Argument [This Psalm is always said together with the two following, under one
Gloria and Antiphon ; and the custom is explained by Durandus as the triple
battle cry against the world, the flesh and the devil ; the joint anthem of Jews
Christians, and Gentiles ; the praise of the Trinity in Unity. The name of the
office of Lauds is derived from the word so frequently repeated, Laudate.],
Tomasi : That all things were made and created by the command of Christ. The voice of the Apostles to the people inviting all to the praise of the Creator.
Venerable Bede : The Prophet urges all creatures to the praises of the Lord; the rational and intellectual ones in person ; those which lack instinct or senses through the means of those which join in praising the Lord with the wisest use of thought [A recent writer styles this Psalm " The Voice of the Church Militant praising her Maker for the Resurrection."].
(1) Praise the Lord from the heavens : praise Him in the heights.
(2) Praise Him all ye His angels: praise Him all ye His powers.
This is a song of hope fulfilled, of liberty granted, of rest given. And therefore most fitly those very sons of God, the Angel hosts, are invited to begin the song from the heavens, and that from no lowly station therein, but in the heights, where Cherubim and Seraphim stand nearest to the Throne. They are to begin the Song of the New Creation ; for Man, though rejoicing in the message of Redemption, knows not how to praise as he ought, and therefore needs a voice to give the intonation to this Psalm. It is thus not a commandment, but a petition, that the Angels may continue what they always are doing ; so that Man may catch the strain, as the priest sings in the Preface of the Mass : " And therefore with the angels."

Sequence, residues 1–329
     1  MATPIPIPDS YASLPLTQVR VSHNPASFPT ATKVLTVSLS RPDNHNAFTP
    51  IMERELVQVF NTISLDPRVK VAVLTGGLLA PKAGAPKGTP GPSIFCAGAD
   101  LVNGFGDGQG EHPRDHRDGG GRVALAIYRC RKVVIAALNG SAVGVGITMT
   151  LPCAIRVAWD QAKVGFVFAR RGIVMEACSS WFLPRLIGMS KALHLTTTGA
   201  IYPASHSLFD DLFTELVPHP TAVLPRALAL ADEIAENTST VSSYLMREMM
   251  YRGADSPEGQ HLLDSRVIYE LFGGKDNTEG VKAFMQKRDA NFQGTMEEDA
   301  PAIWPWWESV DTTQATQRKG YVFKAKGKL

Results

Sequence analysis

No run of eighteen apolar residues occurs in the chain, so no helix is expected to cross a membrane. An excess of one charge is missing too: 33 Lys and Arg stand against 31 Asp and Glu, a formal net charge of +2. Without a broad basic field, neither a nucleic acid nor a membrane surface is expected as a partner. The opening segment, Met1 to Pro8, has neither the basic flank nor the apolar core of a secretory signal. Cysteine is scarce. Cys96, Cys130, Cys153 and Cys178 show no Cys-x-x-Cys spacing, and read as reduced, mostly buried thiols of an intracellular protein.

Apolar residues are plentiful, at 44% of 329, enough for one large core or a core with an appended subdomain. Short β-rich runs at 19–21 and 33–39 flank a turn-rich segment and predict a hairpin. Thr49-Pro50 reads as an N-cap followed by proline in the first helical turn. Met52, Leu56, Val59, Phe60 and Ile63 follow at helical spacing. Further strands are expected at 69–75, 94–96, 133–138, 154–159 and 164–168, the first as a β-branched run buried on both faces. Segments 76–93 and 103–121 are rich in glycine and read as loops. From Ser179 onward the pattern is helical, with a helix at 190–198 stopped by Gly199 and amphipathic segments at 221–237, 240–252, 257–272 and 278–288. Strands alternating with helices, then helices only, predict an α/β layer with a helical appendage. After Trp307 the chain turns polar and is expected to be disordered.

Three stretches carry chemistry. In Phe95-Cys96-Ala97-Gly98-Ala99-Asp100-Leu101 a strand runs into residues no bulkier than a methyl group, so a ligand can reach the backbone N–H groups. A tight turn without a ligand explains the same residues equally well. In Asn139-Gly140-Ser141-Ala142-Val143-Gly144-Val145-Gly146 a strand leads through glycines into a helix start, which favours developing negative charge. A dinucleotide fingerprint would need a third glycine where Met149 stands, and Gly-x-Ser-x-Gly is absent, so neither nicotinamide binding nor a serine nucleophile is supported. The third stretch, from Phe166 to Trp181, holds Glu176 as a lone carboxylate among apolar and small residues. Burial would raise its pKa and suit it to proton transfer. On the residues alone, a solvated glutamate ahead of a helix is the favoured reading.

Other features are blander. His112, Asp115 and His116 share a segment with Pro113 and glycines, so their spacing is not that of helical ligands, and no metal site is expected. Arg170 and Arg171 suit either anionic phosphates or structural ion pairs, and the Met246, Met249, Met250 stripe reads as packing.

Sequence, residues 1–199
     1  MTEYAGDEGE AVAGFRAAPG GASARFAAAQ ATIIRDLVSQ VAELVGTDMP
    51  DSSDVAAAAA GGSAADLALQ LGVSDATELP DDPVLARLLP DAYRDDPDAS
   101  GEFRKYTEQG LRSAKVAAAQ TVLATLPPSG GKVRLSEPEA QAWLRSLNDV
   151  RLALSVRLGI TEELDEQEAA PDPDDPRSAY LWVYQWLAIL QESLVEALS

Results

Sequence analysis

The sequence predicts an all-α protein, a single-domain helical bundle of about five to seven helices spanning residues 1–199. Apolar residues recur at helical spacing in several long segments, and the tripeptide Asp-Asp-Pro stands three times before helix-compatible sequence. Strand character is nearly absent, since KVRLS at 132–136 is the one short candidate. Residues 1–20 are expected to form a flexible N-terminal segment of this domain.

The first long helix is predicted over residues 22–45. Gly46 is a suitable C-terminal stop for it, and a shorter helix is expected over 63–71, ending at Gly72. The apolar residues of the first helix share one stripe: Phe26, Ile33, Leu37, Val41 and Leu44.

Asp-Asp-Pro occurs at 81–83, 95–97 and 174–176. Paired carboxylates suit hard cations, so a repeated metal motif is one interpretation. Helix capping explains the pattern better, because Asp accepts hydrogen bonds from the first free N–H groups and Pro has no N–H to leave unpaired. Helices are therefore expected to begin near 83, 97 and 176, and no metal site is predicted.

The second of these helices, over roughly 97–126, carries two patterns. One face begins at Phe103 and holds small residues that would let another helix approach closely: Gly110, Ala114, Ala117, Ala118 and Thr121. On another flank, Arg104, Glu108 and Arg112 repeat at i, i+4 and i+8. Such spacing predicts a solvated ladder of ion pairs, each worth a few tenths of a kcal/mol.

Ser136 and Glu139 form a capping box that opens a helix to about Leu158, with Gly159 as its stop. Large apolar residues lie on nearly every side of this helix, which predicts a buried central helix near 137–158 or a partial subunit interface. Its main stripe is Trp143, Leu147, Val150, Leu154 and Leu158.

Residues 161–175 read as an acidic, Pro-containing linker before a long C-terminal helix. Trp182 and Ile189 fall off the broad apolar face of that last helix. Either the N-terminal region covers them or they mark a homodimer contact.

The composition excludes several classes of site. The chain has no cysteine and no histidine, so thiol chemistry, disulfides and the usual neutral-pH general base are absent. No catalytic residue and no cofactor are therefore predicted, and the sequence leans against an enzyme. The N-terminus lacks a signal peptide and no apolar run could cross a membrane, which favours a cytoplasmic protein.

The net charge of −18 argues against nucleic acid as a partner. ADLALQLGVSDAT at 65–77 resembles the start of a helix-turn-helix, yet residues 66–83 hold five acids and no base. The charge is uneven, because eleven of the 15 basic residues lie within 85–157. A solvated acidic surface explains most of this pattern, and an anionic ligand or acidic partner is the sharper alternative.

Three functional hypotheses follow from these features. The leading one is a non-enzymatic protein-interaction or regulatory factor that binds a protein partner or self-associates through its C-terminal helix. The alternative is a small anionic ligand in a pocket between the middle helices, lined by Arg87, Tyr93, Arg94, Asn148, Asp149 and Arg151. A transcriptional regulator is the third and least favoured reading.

(3) Praise Him Sun and Moon : all ye Stars and Light praise, Him.
The Psalmist descends from the invisible and highest of creatures to those which, though far lower in dignity, are yet the highest and most glorious objects in the visible universe ; that what is greatest in light may praise Him first. Light, the primaeval creation, is an emblem of God. Light of Lights, is one of the similies used in the Nicene Creed to express the Divine Nature of God the Son. St. Gregory the Great says : As Christ in His Manhood praises the Father, ascribing all glory to Him, that God may be all in all, so, too, the Church, that moon which derives all her light from Him and waxes and wanes in brightness here in the world, together with all those righteous children of His who shine as stars [Dan. xii. 3.], praises Him in one hymn of thanksgiving. The Light, as something diverse from the orbs of brightness, also utter His laud, by typifying and disclosing Him. We may also take light as signifying that light which enlighteneth everyone coming into this world [John i. 9.], the light of Reason, which is the light of the Countenance of God which He has signed upon us [Cf. Ps. iv. 8.].
(4) Praise Him all ye heavens : and ye waters that are above the heavens, let them praise the Name of the Lord.